The requirement to obtain the consumer's written authorization in the manner specified by the order also may have an unintended effect of hindering legitimate sales activities. If consumers must sign an authorization form with "WARNING" written across the top before purchasing any good or service, they may reasonably decide to shop elsewhere. In addition, the requirement effectively bars the defendants from engaging in any future telemarketing. Because consumers must sign the authorization form before their credit card or checking account can be debited, sales cannot be consummated over the telephone and telemarketing will not be an efficient or practical means of conducting business. If the Commission's intent is to ban the defendants from all future telemarketing, the order should clearly state that fact.
I believe that there are clearer, more narrowly tailored ways of protecting consumers and ensuring that the defendants comply with the law. The order already enjoins the defendants from making the same misrepresentations that gave rise to the complaint. If additional protection is warranted to prevent future unauthorized charges, the order could, for example, require the defendants to obtain consumers' express verifiable agreement with the terms of the sale. Such agreement could be accomplished either in writing or over the telephone, via a tape recording that includes appropriate disclosures and is conducted in a specified, complete manner.(2) This would eliminate the need for a separate written "warning" form that impedes any telemarketing, immediately conjures a negative reaction, and merely duplicates a credit card slip or other debit form that consumers already must sign in face-to-face transactions. This also would achieve the balance between protecting consumers and allowing the defendants to engage in future legitimate activities.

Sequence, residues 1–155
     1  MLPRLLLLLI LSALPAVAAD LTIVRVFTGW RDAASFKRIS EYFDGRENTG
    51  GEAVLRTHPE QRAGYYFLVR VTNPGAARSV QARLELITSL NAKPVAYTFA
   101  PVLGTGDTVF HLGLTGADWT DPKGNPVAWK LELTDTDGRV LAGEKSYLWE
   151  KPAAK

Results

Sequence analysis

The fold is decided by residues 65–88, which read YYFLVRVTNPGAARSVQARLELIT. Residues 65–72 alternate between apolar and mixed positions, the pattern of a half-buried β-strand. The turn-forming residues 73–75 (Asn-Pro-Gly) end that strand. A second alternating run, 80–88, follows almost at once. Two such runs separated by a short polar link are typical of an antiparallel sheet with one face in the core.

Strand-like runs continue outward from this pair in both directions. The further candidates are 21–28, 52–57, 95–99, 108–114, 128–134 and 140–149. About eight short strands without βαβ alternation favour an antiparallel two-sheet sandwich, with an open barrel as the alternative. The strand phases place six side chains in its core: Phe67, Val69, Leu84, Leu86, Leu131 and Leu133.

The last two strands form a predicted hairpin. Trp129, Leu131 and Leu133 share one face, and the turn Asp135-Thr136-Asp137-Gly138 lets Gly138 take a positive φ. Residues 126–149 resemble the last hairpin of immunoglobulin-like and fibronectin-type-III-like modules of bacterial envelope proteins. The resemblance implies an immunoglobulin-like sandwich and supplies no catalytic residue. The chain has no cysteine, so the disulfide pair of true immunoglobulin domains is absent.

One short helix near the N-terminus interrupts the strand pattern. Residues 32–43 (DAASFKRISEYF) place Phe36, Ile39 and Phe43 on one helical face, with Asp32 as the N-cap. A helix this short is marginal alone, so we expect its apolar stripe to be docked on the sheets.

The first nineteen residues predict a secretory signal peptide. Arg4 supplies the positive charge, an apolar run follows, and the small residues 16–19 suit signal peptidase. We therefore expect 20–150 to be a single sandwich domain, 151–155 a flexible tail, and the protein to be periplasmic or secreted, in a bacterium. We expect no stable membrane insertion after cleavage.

I emphasize that strong relief is appropriate to guard against deception. I believe, however, that the Commission is obligated to ensure that its orders are reasonably related to preventing future deception. I therefore dissent from Part III.F of the Stipulated Final Judgment.
1. Because the complaint in this case did not allege that the defendants misrepresented any refund policy, it is questionable whether a written disclosure of the refund policy with every sale is needed to prevent deception.
2. I note that the order already includes such specifications for tape-recorded calls, if the defendants choose to use tape recording to verify that consumers agreed to purchase goods or services. Of course, this provision is meaningless, since Part III.F also requires the defendants to obtain written authorization from consumers.